Google has been introducing new rich results and rankings for ecommerce SERPs. This study looks at data over the past year and aims to show the trend of various product listings and how that has impacted traditional organic results, as well as how informational URLs (buying guides, product reviews, how-to content) have trended on SERPs.
Atigro Study Approach: All data is analyzed using the seoClarity platform with search insights tools. Analysis was conducted on mobile results between June 1, 2021, through July 8, 2022.
Google Product Listing Impact on SERPs
Product listings in Google’s organic search results have been a long time in the making and are one of Google’s next moves in an attempt to take over a bit of the online shopping marketplace share that Amazon currently dominates. These product listings show up as a block of products (normally 2×2 on iOS mobile), many times stacked on top of each other. An extreme case of product listing stacking was reported by Dan Shure via Twitter noticing an extreme sixteen products in a row! Each listing features one product with a large picture, description, brand name, and review aggregate if available (Google is testing many new small details to these listings weekly).
Products have also begun to show up more and more in the form of “popular products” carousels. These types of product listings include product name, brand name, price, ratings, and “highlights” that pick out key parts of reviews. This rich result is formatted with a left-and-right scroll feature. If you tap “see more” at the end of the scroll, it sends you straight to Google Shopping.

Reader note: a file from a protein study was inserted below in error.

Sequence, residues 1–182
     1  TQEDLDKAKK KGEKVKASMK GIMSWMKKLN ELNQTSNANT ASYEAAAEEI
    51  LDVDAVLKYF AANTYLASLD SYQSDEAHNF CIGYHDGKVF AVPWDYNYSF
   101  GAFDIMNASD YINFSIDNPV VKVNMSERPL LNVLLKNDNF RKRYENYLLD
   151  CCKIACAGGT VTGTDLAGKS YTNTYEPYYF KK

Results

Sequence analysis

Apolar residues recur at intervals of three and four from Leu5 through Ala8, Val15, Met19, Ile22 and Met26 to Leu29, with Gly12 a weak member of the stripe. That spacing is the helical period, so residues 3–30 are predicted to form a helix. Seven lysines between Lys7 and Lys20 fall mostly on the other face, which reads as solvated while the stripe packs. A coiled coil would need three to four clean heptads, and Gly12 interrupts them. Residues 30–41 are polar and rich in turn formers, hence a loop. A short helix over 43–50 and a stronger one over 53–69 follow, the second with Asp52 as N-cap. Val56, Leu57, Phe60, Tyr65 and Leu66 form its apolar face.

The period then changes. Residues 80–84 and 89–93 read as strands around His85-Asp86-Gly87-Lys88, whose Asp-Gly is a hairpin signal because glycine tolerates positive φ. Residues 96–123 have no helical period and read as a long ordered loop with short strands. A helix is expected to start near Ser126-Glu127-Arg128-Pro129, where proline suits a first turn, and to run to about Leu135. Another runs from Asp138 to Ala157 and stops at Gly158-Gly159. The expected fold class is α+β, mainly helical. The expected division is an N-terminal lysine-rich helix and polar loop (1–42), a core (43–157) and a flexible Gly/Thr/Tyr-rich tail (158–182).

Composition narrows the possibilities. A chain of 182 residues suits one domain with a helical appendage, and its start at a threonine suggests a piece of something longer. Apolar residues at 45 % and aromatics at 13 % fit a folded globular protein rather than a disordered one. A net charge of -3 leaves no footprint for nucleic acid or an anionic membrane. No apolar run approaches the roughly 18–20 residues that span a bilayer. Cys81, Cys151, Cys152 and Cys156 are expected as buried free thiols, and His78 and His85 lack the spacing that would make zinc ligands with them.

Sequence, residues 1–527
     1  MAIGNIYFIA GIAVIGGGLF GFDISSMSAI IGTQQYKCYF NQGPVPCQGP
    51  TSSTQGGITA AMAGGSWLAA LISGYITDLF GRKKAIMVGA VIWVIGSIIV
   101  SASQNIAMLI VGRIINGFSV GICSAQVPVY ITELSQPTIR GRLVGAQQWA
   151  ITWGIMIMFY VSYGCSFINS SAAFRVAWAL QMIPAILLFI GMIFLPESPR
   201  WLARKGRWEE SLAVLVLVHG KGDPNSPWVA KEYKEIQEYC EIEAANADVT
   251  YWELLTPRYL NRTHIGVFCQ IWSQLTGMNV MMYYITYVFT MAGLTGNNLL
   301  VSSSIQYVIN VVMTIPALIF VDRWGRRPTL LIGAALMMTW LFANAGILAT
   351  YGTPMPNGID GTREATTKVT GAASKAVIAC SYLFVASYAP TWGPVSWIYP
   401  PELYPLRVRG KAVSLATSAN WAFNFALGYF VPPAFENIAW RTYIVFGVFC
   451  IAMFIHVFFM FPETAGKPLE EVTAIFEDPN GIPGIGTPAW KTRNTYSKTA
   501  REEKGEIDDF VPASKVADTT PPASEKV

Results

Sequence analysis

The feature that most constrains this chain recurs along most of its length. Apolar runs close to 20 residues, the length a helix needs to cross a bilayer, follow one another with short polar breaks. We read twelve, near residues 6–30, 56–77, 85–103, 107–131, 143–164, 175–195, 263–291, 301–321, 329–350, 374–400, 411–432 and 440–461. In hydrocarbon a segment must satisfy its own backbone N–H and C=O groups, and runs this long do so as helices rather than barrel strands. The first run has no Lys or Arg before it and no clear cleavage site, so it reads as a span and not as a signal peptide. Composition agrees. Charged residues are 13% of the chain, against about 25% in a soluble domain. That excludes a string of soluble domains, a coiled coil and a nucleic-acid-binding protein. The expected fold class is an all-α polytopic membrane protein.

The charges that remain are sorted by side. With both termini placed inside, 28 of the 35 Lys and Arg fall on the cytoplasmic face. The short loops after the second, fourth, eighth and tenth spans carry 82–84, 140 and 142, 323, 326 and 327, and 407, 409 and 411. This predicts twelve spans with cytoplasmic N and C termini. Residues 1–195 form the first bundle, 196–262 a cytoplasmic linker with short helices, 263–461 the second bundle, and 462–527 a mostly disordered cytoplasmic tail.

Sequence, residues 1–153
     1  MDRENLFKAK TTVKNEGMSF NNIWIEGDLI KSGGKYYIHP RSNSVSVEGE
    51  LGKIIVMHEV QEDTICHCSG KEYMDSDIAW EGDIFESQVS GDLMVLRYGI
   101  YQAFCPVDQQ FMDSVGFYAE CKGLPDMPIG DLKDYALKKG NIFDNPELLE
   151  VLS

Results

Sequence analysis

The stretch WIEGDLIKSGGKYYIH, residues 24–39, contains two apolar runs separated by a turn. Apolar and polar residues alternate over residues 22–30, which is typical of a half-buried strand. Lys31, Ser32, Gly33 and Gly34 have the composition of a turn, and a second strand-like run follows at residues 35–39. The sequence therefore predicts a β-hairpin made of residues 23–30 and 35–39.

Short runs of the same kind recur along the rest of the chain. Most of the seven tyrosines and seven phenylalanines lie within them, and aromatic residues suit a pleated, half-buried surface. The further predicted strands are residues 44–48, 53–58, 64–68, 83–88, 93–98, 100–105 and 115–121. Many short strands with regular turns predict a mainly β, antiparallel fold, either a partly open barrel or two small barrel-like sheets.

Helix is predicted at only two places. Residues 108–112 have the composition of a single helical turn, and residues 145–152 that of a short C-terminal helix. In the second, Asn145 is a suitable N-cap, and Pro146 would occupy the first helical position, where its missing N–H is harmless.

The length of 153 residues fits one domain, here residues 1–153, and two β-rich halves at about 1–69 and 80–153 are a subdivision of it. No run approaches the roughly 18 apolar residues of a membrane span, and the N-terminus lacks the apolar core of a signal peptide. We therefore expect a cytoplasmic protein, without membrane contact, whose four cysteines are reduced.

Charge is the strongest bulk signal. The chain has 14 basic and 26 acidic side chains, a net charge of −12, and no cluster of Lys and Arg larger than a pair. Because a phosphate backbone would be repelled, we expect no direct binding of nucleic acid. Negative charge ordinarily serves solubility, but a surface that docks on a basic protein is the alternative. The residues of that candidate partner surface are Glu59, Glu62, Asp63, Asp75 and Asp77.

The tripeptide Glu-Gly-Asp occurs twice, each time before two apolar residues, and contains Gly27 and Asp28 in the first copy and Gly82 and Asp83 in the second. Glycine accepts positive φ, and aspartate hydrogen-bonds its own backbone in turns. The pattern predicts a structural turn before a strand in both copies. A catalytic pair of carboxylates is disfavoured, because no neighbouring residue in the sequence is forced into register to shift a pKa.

Google pulls in the information for these rich results from Google Merchant Center, making optimizing for them fall under the realm of Google Shopping. For businesses that have seen SEO success on their ecommerce websites for years, this presents a unique challenge. The first issue is it forces them to establish and optimize their Google Merchant Centers, which like Google Ads or Google Business Profile, requires an entirely different skill set than traditional optimization for search engines.
A bigger issue is the space these listings take up on the SERP. For SERPs with these rich results, product listings (especially when stacked and coupled with other rich results) can push traditional organic links down a great deal.
In the graphic below, we compare the SERP for “pressure tanks” on March 3rd, 2022, and July 8th, 2022. In March, we see that Lowes and Home Depot hold the #1 and #2 traditional organic spots but are separated by a popular products carousel and a people-also-ask rich result, making the distance between #1 and #2 considerable. Fast forward to July, and we see that the top of the SERP has changed to the traditional blue link for Lowes sandwiched by two product listings, and Home Depot still holding the #2 spot. With these changes, Lowes’ traditional blue link is now barely visible above the fold, and Home Depot now requires close to two full scrolls to be seen.
Even though Lowes and Home Depot also have featured products in the product listings, the space originally occupied by them solely is now shared with another brand on the SERP. In addition, clicking on the product listing immediately takes users into the Google shopping interface and features other brands with the same product at cheaper prices. Certainly proving less powerful than the traditional blue link position.
These transactional SERPs shuffle around and change day-to-day, making putting your finger on these changes and analyzing how they impact revenue difficult. That being said, we can look at trends to analyze where we stand on average, and what strategy ecommerce sites should put in place going forward.
Product Listing Trends